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Vint Cerf Calls For IPv6 Incentives In UK 164

sweetpea23 writes "Vint Cerf, the 'godfather' of the web and Internet evangelist for Google, has highlighted the need for cash incentives to encourage ISPs and businesses in the UK to move to version six of the IP addressing scheme (IPv6). In response to the UK government's stance that its role in the transition will primarily be advisory, Cerf suggested a system of tax credits for upgrading equipment to v6 capability — similar to the 'cash for clunkers' scheme in the US. 'You'd have to do the math to see what impact it would have, but creating some business incentive might be helpful,' he said. His words echo those of Axel Pawlik, managing director of the RIPE NCC, who warned last month that that the IT industry is adding unnecessary risk and complexity to Internet architectures by ignoring the availability of IPv6 addresses. the Internet authority IANA is expected to assign its last batch of IPv4 addresses in June 2011."
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Vint Cerf Calls For IPv6 Incentives In UK

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  • Oversimplifiying... (Score:5, Interesting)

    by Junta ( 36770 ) on Sunday November 14, 2010 @11:05AM (#34222190)

    For one, the protocol defined address specifically as 32-bit. Functions processing IPv4 generally use unsigned integers for the address. Functions to do a variable length address would take longer to process/route. The routing tables would likely be atrocious even if it theoretically could work.

    In short, it only does better at backwards compatibility at the extremely superficial aspect of entering addresses textually looking more usual and making a more specific effort for an existing IP to map trivially to a new scheme. Existing IPv4 stacks would have had no easier time trying to talk to than fd7e:691a:da42::1. Besides, having the high values magically become reserved on the host portion of existing networks would conflict with existing host addresses in use.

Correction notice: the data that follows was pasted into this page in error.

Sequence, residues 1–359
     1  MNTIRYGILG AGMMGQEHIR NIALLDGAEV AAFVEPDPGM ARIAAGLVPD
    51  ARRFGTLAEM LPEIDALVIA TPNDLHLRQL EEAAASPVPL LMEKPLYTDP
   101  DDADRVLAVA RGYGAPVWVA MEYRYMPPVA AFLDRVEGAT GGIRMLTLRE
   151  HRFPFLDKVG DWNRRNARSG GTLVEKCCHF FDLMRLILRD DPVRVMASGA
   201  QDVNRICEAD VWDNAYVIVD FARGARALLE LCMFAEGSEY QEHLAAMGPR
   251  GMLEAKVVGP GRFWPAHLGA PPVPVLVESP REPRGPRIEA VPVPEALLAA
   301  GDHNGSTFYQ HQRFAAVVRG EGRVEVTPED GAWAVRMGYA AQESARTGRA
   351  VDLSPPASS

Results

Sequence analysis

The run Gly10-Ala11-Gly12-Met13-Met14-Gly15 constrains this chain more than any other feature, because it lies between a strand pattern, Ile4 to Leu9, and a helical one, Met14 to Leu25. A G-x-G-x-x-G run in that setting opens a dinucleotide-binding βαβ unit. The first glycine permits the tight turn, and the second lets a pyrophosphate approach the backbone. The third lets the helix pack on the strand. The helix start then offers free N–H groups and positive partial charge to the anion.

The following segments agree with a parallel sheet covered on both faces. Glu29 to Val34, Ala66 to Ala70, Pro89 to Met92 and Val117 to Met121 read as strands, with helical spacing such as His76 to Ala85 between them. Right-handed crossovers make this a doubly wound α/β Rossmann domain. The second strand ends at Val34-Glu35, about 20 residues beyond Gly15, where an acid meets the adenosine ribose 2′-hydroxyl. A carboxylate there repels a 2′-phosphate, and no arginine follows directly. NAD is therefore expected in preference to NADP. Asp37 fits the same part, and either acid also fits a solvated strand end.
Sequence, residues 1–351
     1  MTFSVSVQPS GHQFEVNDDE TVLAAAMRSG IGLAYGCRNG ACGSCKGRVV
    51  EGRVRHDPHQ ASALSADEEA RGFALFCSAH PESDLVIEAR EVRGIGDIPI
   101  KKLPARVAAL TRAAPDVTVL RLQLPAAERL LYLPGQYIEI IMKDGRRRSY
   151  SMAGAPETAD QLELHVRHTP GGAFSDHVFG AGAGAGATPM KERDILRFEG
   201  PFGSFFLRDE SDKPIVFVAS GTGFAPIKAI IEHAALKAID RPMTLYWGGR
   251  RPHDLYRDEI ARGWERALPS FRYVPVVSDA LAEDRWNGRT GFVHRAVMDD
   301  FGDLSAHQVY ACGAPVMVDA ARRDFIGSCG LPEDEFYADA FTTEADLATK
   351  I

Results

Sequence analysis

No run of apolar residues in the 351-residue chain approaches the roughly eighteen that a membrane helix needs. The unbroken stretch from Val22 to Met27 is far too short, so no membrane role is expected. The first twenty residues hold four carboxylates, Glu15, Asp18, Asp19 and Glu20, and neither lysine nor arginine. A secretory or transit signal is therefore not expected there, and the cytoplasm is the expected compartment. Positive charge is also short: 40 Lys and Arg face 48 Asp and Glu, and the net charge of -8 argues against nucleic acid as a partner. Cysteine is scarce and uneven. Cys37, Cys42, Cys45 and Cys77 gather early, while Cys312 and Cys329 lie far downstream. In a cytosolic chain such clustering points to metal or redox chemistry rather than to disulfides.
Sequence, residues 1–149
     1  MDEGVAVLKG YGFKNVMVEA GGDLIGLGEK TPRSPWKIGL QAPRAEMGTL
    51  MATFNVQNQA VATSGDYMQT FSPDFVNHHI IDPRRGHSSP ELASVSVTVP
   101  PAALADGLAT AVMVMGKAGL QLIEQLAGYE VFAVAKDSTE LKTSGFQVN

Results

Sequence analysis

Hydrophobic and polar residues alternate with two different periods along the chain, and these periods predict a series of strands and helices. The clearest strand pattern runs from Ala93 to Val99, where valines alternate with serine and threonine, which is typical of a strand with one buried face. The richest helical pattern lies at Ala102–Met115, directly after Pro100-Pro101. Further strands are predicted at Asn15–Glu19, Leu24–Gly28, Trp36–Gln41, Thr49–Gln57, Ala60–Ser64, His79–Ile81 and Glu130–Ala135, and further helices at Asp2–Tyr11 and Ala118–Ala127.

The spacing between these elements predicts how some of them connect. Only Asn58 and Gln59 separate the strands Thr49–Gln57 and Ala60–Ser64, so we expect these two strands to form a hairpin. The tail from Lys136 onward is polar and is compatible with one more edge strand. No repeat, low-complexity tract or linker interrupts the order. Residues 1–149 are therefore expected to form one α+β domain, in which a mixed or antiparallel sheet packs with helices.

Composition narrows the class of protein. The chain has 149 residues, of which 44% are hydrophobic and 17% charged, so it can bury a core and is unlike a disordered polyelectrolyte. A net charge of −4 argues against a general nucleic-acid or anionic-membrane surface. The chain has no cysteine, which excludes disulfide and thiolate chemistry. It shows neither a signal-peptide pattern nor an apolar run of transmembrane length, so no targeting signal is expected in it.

IPv6 can work but has been subject to three major pitfals:
    -It looks scarily different. People treating addresses like phone-numbers and not doing DNS in a ubiquitous has exacerbated the problem.
    -They completely omitted a strategy for v4-only to v6-only communication until this year. For a long time they didn't want to endorse anything with the letters 'NAT' in them and delayed a sane interop strategy hoping the problem would magically disappear so the 'evil' NAT wouldn't become a pillar of v6. I'm optimistic that the results of this year paves the way for meaningful progress.
    -v6 and associated protocol largely chose to throw the baby out with the bathwater on many fronts. v6 for a long time declared DHCP dead, then when DHCP was revived for v4, they threw out the existing behavior and started from scratch, eliminating many option codes and changing client identifier behavior to be hard for existing DHCP admins to deal with. This has in some cases rendered workflows in IPv4 simply impossible and in many more exacerbates the first problem in that a *lot* of relearning and reworking is required to acheive the same results with IPv6 as in IPv4.

  • by Mathieu Lutfy ( 69 ) * on Sunday November 14, 2010 @06:13PM (#34225646) Homepage

    I always had a hard time understanding IPv6 until I read the Running IPv6 in practice [] howto on Debian-administration and tried it at home. The next move is configuring the office where I work to use such a tunnel, then a friend's colo server, then our hosting environment. It's really not hard. Get over the adressing scheme. IPv6 is much easier to manage than NAT.

    Tunnelbroker [] by Hurricane-Electric also does a great job of making IPv6 easy to use and fun to learn (the "certification" games). They also throw in free DNS hosting, and announcing IPv6 addresses using BGP is possible.

    Now stop whining and bite the bullet :-)

Solutions are obvious if one only has the optical power to observe them over the horizon. -- K.A. Arsdall